After five years of living in Israel, we made our way back to America with two young kids. I felt in my heart that I had more to offer my family. I felt guilty for wanting more children. Why couldn’t I be satisfied? I loved my beautiful kids and felt beyond grateful for my little miracles, but it was a visceral urge. My husband was not on the same page. He grew more and more frustrated that I was willing to do anything to grow our family. We had six embryos left in Israel, and I flew back and forth to transfer them (which was significantly less expensive than starting again in America). I was stressed. I put so much pressure on myself, but none of the remaining embryos “took.” No one could answer why. It took us another five years of angst, stress on our marriage, judgment (mostly from myself), more failed IVF cycles, and unsuccessful attempts at adoption to go on to have our blessing of a third child through embryo donation. Embryo donation is a form of third-party reproduction. We received another family’s remaining embryos after their IVF.
Over time, I learned that I wasn’t the only one in the world who had a hard time conceiving. For others it takes years, miscarriages, unbearable debt, oceans of tears, and heartache before finally giving birth, if at all. With the cost of IVF ranging from $14,000 to $25,000 in America, on average, many don’t even have a chance for a chance. Knowing that there is a grave need for funding, support, and enhanced awareness of this sometimes unspoken issue in the Jewish community, I founded the Jewish Fertility Foundation (JFF), which provides financial assistance, emotional support, and educational guidance to help others who are facing the challenges that I went through. People often ask if I can allow myself to feel satisfaction in what I’ve created. I admit that is something I’m working on, because living in the moment is hard for me. I’m already thinking of JFF’s goal of opening fifteen more community-based offices over the next five years. But daily reminders of the work that we’re doing offer me moments of pure joy. Just this week I was brought to tears twice. We gave out our forty-second grant to an Israeli couple living in Atlanta who came to us after four years of losses. The happiness we felt in offering them our largest JFF grant to date brought us all to tears. In addition, this week our forty-first baby was born. Baby Remy is particularly special to me because her mom is a single mother by choice—not an easy feat in the Jewish community today! Baby Remy is lucky to have a mom who fought so hard to bring her into the world.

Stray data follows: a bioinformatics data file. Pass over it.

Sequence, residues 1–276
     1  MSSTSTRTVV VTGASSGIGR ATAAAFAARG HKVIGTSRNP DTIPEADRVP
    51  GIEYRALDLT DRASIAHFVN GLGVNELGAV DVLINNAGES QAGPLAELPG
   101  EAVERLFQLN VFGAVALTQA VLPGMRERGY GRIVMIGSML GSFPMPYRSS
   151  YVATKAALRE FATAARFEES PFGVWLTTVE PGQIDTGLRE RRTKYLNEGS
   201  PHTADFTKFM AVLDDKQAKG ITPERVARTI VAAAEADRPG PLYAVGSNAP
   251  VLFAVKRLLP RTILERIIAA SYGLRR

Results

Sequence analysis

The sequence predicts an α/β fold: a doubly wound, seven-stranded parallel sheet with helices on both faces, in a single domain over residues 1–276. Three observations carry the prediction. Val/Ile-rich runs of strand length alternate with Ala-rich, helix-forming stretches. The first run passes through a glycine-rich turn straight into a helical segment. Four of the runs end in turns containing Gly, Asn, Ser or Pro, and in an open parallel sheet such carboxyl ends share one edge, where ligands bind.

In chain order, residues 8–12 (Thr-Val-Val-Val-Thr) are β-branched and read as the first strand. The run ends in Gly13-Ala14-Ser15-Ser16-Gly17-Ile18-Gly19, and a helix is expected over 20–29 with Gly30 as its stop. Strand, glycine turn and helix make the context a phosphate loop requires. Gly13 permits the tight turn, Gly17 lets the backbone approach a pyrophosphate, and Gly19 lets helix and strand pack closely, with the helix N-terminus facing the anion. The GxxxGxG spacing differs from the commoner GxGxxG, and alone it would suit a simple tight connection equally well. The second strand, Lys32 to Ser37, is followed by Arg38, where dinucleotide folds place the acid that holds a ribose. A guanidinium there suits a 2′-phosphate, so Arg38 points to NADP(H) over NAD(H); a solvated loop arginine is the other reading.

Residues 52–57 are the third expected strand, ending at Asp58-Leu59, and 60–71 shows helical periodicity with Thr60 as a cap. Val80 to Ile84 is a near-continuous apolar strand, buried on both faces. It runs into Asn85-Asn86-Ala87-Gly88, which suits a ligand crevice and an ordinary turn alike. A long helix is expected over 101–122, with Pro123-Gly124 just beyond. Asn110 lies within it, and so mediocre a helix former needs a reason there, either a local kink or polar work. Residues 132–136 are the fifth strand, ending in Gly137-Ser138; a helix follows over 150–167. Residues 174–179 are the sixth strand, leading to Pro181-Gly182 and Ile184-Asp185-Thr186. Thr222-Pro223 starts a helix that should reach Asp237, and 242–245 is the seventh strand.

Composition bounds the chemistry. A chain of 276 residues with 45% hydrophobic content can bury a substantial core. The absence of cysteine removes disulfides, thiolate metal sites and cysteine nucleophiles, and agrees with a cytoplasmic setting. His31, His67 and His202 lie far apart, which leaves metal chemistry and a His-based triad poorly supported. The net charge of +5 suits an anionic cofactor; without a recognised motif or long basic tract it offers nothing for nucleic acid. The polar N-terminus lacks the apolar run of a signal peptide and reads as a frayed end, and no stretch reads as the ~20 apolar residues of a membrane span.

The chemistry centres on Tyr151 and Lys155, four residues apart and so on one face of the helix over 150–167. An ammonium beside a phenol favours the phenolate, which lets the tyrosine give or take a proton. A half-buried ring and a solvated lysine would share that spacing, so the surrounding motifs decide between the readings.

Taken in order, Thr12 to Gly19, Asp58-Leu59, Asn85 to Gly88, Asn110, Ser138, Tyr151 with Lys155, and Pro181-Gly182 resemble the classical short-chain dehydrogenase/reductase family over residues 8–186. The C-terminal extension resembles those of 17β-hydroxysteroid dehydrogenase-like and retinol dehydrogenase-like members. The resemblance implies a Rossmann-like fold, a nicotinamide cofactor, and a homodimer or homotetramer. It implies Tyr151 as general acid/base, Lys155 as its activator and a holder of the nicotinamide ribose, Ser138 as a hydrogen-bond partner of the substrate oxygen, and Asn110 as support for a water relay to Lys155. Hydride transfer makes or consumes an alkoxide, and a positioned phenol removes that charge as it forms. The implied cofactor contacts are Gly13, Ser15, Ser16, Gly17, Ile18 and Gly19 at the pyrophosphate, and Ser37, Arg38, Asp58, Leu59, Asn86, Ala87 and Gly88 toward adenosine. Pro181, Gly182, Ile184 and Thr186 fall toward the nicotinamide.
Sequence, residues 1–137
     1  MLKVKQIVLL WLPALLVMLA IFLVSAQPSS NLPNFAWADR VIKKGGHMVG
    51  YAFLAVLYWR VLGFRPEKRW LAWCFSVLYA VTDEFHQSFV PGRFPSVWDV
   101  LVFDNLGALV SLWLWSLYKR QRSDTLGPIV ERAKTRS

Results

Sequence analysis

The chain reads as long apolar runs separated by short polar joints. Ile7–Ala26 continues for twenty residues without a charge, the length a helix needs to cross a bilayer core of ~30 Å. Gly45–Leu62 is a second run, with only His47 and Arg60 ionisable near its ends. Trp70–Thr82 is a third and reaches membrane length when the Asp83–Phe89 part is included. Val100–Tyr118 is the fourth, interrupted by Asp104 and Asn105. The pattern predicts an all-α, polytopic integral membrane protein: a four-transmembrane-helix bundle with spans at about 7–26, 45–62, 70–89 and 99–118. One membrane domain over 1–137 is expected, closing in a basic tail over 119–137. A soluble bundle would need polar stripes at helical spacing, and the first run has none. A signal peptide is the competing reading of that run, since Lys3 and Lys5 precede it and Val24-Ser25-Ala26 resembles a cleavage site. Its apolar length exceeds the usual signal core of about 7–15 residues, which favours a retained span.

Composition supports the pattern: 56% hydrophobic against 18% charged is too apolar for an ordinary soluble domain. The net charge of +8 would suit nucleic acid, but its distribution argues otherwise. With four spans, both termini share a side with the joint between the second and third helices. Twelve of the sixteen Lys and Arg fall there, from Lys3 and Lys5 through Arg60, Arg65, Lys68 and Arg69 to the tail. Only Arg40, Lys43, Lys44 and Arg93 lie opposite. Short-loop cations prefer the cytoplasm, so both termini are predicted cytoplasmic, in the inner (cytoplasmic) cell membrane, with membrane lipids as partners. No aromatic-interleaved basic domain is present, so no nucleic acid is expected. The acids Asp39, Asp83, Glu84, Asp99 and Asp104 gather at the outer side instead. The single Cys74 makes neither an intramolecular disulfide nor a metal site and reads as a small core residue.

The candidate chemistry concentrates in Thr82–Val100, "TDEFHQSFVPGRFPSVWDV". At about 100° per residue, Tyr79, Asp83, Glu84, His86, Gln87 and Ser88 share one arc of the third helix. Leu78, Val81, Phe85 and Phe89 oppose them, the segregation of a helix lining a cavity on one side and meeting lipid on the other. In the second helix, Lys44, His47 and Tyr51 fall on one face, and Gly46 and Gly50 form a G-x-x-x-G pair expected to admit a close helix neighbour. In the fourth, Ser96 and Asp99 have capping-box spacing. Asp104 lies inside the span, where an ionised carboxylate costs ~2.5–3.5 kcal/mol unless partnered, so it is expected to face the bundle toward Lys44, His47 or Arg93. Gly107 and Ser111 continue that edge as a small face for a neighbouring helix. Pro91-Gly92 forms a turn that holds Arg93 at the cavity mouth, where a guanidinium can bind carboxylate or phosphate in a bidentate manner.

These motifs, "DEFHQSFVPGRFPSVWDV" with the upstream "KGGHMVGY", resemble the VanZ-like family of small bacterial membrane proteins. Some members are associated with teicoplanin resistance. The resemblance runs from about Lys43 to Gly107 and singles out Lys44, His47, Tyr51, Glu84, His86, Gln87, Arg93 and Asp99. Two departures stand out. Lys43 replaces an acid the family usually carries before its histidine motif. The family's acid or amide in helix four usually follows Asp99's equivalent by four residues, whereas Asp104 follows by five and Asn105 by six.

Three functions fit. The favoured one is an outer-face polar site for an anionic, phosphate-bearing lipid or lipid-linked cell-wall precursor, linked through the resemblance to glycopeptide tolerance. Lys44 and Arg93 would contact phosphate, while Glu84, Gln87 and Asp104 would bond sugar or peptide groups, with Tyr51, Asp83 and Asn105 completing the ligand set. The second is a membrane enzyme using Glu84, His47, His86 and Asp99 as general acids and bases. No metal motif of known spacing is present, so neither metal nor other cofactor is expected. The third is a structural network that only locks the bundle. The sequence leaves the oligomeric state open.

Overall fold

This week, after I light one extra Shabbat candle for all the infertile men and women seeking to have a child, I will share my high, low, and unexpected events of the week with my family. I will look around my Shabbat table at each of our young kids and take a moment to appreciate just how truly fortunate I am to be able to build my family.
Elana Frank is the founder and CEO of the Jewish Fertility Foundation. A native of Atlanta, Georgia, she has twenty years of experience working with nonprofit organizations in America and Israel, doing fundraising, marketing, community outreach, and program development.
I still get sad because I’ll never not be infertile. We can never just say, “Hey, let’s have another.”
Going to the mikveh was a constant source of pain for me.
Over time, I learned that I wasn’t the only one in the world who had a hard time conceiving.